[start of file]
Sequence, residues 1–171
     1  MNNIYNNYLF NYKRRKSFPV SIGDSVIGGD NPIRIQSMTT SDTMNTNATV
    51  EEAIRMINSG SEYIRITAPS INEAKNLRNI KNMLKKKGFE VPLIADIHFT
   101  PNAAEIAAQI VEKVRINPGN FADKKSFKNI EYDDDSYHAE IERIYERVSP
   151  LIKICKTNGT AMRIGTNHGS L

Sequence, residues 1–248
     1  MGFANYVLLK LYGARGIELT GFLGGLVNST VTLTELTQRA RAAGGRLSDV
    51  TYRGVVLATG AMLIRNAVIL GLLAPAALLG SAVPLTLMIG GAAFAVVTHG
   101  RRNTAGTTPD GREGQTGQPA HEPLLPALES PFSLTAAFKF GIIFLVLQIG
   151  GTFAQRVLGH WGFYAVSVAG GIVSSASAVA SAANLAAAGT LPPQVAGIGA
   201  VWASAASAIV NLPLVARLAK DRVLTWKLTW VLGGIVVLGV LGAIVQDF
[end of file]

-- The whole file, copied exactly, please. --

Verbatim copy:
Sequence, residues 1–171
     1  MNNIYNNYLF NYKRRKSFPV SIGDSVIGGD NPIRIQSMTT SDTMNTNATV
    51  EEAIRMINSG SEYIRITAPS INEAKNLRNI KNMLKKKGFE VPLIADIHFT
   101  PNAAEIAAQI VEKVRINPGN FADKKSFKNI EYDDDSYHAE IERIYERVSP
   151  LIKICKTNGT AMRIGTNHGS L

Sequence, residues 1–248
     1  MGFANYVLLK LYGARGIELT GFLGGLVNST VTLTELTQRA RAAGGRLSDV
    51  TYRGVVLATG AMLIRNAVIL GLLAPAALLG SAVPLTLMIG GAAFAVVTHG
   101  RRNTAGTTPD GREGQTGQPA HEPLLPALES PFSLTAAFKF GIIFLVLQIG
   151  GTFAQRVLGH WGFYAVSVAG GIVSSASAVA SAANLAAAGT LPPQVAGIGA
   201  VWASAASAIV NLPLVARLAK DRVLTWKLTW VLGGIVVLGV LGAIVQDF